Googling I found a book by Jane Waldfogel titled What Children Need which seems to be a good summary of what I might have wanted to see. Unfortunately, I don't have a copy of the book so I can't comment on it but the following interviews with her would indicate that this might be an interesting book.
1. Prevention Action: Why do we sometimes care so little about what children need
2. Mother's Movement: What children need
The interviews also addresses some of Judith Warner's discussion on attachment theory in her book Perfect Madness.
Update: I was also reminded of Judith Rich Harris, The Nurture Assumption which I still have to read. Michael Foster the original person who asked Andrew Gelman subsequently followed up with this post on AG's blog:
First, Carrie linked to these two studies with evidence linking toddler TV viewing to attention and learning disorders:
Christakis DA, Zimmerman FJ, DiGiuseppe DL, McCarty CA. Early television exposure and subsequent attentional problems in children. Pediatrics. 2004;113:708-713.
TV Has Negative Impact on Very Young Children's Learning Abilities (Arch Pediatr Adolesc Med. 2005;159:619-625)
Michael then responded,
See--this is why I need to write that book. Those two papers you cite are terrible--exhibit A for bad research. Seriously.
It's very difficult to infer causal relationships from observational data like that. As you know, there could be a lot of confounding factors. But it's difficult but not impossible. One can do a range of things, such as including more variables in the analysis, adjusting for their impact in a flexible way, and so on.
In the Pediatrics paper, we took the same data and found that the effect of TV was very sensitivity to the addition of even a few covariates. And the ones we added should have been included in the first place. We also found that the effect of TV was only at extremely high levels (>10 hours / day). It's hard to believe that those "effects" were really effects--one has to wonder about those families letting kids watch that much TV being just different.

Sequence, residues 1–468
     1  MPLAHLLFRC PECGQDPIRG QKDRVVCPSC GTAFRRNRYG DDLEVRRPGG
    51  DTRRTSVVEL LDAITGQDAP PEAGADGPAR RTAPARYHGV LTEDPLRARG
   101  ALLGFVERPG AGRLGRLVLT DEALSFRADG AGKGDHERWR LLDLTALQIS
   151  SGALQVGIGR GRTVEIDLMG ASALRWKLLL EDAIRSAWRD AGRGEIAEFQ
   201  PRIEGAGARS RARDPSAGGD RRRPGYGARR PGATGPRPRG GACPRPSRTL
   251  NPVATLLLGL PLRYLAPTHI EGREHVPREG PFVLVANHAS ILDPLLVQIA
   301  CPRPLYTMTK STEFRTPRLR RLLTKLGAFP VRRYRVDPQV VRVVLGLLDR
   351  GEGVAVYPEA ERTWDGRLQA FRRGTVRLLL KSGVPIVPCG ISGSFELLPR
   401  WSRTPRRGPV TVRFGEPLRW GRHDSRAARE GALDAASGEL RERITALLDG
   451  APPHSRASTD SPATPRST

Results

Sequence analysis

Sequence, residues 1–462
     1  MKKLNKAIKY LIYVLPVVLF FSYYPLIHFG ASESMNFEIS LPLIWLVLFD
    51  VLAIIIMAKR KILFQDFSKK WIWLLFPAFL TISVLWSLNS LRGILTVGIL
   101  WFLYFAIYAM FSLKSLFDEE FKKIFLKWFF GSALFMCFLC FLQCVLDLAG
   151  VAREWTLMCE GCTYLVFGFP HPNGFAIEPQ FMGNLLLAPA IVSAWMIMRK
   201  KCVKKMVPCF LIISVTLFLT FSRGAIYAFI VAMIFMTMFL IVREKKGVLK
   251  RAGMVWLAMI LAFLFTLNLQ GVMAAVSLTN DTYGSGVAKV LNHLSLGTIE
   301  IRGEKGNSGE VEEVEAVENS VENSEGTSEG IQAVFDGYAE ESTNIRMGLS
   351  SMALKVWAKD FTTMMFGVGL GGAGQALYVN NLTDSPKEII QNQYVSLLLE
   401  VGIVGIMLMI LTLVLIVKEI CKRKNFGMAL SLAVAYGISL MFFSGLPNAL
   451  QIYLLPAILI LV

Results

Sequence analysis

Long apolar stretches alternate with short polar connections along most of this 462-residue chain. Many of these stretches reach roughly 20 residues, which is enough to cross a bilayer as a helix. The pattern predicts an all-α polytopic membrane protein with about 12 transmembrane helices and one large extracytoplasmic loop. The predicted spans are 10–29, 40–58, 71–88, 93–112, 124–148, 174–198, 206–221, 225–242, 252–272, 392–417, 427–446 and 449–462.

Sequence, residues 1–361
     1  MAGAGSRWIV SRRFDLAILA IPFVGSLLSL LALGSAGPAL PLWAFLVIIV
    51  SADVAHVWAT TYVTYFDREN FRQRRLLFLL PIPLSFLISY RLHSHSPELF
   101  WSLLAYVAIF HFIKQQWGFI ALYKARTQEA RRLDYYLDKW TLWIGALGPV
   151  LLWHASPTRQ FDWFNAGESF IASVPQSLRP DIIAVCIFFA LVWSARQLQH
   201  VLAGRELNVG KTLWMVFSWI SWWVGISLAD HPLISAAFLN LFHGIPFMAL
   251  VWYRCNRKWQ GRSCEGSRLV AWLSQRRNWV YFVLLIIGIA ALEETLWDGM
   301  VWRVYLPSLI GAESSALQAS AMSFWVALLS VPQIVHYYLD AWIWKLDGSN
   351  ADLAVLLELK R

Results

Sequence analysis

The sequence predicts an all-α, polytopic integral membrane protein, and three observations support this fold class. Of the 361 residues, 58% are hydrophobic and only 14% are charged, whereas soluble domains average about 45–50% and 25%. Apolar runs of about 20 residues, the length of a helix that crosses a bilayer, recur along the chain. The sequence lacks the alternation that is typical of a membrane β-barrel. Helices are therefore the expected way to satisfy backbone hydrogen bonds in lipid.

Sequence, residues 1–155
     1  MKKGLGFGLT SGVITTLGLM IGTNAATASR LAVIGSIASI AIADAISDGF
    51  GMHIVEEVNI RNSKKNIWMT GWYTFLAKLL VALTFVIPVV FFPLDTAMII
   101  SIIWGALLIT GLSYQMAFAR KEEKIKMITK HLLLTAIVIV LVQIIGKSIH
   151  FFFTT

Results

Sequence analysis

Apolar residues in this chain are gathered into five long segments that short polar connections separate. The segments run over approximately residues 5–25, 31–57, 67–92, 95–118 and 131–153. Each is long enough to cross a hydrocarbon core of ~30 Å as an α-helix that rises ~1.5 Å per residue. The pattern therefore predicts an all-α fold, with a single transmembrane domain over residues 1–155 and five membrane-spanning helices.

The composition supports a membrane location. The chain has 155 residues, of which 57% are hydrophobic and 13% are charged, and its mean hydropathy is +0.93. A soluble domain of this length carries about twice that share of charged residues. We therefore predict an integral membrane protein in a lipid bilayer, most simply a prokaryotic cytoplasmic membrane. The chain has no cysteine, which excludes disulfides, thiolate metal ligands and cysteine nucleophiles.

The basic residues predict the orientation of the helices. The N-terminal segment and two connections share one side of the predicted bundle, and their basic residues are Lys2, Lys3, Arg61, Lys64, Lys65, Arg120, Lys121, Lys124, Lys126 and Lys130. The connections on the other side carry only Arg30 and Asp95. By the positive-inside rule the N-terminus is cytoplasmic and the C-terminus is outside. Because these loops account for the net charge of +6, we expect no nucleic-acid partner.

Now, one might say, this paper went through peer review at a good journal--isn't that evidence of quality? The problem is that reviewers often share the same biases as authors. It's also hard to get methodologists to evaluate papers for these applied journals . And the American Academy of Pediatrics has a policy statement urging parents not to let their little kids watch much TV. So, I think they give papers like this the benefit of the doubt in the review process.
We're writing a paper offering counter-analyses, but we had an earlier version that was more of a direct critique. Pediatrics rejected it. Of course, one of the reviewers was an author of the original paper. I'm not sure they were quite objective. I've attached an earlier version of our response. We've extended the analysis still further, and we just don't find any effects. It's probably overkill. The whole thing is just a myth.
Of course, there's the myth that living in single-parent family is bad for a child. 8-) Just published a paper on that, too. Of course, the press ignored it.
As indicated by Warner's book, it's difficult to get the press to focus on something without being able to sell an "angle" as well. It reminds me of the time when I had read in a parenting magazine that night lights were bad for the eyes of children.